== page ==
So as we prepare for the Preseason Playoff series against the 2-0 Clippers, I thought I would share some notes I made on Wolves players from the two games we just witnessed.
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Two preseason games are in the book and the Wolves finish the 2011 preseason with two wins.

The first game was a whirling dervish of dribble penetration, kickout passes, and 3-pointers blanketing the Target Center like pure virgin snow. We were dazzled by even the simplest of tasks performed by Ricky Rubio. We reveled in the double point guard lineup that would have made the Double Rainbow guy lose his guano. We got to witness Michael Beasley isolations a plenty, Kevin Love doing ridiculous double-double efforts in limited minutes, and Derrick Williams showing us just how deadly and exciting he can be from all over the court.

Game two was a bit different, and probably more rewarding than the first game drubbing the Wolves put on the Bucks. This game was a STRUGGLE. They had to play Luke Ridnour and Malcolm Lee extended minutes at the point, with Ricky and JJ Barea staying home. It looked a lot like the Wolves from yesteryear, trying to manufacture structure and continuity despite being extremely sloppy with the ball.

Wolves were frustrated by the typically physical and opportunistic Milwaukee defense all night. Like a street side Three Card Monte dealer, your money was gone before you even knew you were playing the game. Milwaukee led 84-73 with 2:23 left in the contest. Then Kevin Love reminded everybody why he’s one of the toughest covers in the NBA. He made a hook shot inside. Then he tricked rookie Jon Leuer into fouling him on a 3-pointer. Next possession down, he drew a foul against Drew Gooden for two more free throws.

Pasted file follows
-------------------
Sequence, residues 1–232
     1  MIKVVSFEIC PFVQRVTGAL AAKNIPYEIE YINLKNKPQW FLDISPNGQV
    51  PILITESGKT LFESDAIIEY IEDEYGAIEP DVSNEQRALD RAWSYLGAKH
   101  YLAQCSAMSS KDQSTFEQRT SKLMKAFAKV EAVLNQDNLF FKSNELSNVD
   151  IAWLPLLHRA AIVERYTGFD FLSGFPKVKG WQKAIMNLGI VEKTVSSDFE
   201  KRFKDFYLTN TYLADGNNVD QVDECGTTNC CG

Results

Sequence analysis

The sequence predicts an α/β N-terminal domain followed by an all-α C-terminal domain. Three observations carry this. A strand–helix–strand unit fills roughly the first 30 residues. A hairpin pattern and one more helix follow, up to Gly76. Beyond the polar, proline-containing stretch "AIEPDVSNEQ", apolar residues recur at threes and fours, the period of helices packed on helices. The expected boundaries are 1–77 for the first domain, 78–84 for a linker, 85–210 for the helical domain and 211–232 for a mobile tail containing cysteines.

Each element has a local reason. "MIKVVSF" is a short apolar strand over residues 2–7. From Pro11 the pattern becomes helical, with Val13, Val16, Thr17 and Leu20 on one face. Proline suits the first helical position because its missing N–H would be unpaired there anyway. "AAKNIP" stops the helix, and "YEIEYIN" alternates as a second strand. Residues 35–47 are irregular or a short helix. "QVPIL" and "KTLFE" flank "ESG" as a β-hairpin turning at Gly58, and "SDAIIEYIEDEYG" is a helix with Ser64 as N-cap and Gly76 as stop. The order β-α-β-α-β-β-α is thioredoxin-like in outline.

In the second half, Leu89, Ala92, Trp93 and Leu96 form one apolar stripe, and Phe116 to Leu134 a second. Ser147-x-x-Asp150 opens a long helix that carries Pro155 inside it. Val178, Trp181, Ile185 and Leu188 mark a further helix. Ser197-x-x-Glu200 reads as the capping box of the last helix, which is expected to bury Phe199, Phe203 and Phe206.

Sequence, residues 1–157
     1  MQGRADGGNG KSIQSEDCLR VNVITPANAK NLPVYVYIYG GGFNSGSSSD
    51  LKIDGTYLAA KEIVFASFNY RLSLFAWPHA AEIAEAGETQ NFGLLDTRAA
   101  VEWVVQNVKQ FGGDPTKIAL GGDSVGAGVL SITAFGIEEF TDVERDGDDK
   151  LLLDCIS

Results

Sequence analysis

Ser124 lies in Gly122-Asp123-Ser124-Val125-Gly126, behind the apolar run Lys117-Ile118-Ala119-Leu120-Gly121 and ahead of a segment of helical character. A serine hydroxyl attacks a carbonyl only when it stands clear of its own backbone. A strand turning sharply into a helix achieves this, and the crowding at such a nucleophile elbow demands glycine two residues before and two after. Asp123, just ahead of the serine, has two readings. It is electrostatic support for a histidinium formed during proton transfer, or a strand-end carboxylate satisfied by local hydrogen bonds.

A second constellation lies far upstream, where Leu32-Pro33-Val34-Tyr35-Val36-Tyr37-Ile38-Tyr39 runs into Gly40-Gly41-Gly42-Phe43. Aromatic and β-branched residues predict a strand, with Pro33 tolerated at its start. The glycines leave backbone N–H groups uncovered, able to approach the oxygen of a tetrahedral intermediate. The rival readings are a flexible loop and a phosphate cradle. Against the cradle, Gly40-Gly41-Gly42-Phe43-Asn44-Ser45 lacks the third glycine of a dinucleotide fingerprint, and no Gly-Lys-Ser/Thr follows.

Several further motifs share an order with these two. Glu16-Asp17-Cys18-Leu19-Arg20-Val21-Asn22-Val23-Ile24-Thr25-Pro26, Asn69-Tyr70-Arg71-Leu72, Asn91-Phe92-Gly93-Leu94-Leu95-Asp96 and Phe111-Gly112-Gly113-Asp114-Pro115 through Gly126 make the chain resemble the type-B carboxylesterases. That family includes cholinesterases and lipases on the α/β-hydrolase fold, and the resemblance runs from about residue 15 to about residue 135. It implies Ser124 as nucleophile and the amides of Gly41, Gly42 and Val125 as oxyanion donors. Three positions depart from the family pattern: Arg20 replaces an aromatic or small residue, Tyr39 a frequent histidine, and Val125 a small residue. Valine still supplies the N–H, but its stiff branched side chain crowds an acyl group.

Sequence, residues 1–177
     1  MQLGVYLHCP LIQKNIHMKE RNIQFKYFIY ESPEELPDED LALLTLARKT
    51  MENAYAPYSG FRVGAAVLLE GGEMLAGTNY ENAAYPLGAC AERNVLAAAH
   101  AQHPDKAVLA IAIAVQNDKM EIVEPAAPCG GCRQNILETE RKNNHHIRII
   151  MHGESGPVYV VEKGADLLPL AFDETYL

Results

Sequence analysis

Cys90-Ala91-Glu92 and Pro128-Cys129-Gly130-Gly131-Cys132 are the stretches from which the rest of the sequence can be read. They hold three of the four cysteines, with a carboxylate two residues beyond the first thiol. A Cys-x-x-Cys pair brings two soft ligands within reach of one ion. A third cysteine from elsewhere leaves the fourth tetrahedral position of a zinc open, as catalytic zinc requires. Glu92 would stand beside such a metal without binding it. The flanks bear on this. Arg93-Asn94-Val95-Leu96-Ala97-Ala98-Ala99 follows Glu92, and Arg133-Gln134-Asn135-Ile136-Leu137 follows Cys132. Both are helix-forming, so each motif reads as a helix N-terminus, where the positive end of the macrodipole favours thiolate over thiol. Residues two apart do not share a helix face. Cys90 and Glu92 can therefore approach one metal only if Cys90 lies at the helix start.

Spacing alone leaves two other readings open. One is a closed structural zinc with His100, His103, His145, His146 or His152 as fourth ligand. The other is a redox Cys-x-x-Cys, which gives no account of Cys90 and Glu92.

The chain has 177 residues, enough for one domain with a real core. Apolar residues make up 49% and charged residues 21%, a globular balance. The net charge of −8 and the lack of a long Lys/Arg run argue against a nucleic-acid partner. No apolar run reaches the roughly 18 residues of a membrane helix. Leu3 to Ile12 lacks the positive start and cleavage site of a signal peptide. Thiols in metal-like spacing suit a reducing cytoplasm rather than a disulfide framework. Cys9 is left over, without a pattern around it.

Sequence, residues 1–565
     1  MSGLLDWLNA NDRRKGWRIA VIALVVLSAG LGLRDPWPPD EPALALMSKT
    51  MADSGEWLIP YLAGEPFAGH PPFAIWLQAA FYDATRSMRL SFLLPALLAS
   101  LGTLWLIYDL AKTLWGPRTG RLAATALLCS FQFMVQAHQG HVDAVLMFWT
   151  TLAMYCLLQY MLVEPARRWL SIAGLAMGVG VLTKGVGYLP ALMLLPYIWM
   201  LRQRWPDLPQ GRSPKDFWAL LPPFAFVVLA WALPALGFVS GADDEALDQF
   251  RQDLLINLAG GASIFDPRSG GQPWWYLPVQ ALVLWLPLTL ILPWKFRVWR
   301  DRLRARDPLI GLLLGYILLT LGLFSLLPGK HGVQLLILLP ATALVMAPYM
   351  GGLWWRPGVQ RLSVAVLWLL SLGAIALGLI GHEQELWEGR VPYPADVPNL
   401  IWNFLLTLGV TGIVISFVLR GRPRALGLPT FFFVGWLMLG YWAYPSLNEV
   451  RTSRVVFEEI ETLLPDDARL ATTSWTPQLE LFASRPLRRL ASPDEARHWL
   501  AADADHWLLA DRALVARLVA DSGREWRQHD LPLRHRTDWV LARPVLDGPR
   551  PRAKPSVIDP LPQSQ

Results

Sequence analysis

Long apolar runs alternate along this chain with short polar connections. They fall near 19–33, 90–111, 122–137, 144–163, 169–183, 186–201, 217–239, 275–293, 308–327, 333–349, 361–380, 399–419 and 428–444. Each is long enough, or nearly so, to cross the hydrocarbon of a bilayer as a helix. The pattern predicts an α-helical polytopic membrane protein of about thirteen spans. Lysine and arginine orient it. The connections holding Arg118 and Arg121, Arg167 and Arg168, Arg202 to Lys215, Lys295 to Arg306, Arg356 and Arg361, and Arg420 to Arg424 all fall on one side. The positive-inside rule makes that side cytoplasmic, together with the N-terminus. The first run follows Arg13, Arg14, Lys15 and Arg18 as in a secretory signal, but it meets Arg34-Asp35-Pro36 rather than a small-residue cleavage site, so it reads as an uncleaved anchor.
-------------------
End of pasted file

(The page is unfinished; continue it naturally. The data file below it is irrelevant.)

However with the Bucks up four points and just 20 seconds left in the game, I nearly gave up on the contest. I was very close to changing the channel to see how Rockets-Jazz was shaping up. I’m glad I didn’t miss what happened. Luke Ridnour stole an inbounds pass by Darrington Hobson. He kicked it for Love for a 3-pointer that brought the Wolves within one – 10 points for Love in just 1:43 of action. Ridnour then stole a horrendous inbound decision by Larry Sander, the Wolves found Beasley inside and he was fouled.

He dropped two icicles (frozen daggers) from the free throw line to put the Wolves up one, and then got a defensive stop when Leuer missed a jumper and the Bucks couldn’t convert the offensive rebound.

Even though it was a meaningless preseason win, I loved the end of this game for the Wolves. Sure, they Love and Beas going against a bunch of second-stringers for Milwaukee in the closing moments. But I like that Adelman just let them play and figure it out. Off the second Luke steal, some coaches would call a timeout and set up a play. Instead of doing that, the Wolves didn’t allow Milwaukee to discuss things and set up their defense. The Wolves just had to figure it out on their own and they showed a lot of maturity and tranquility in a moment of chaos and fervor that we would not have seen last year. It was a fun way to end the preseason.
I’ll have player-by-player bullet notes from the two preseason games up this afternoon. It’s so good to have basketball back.

What did you think of the two games?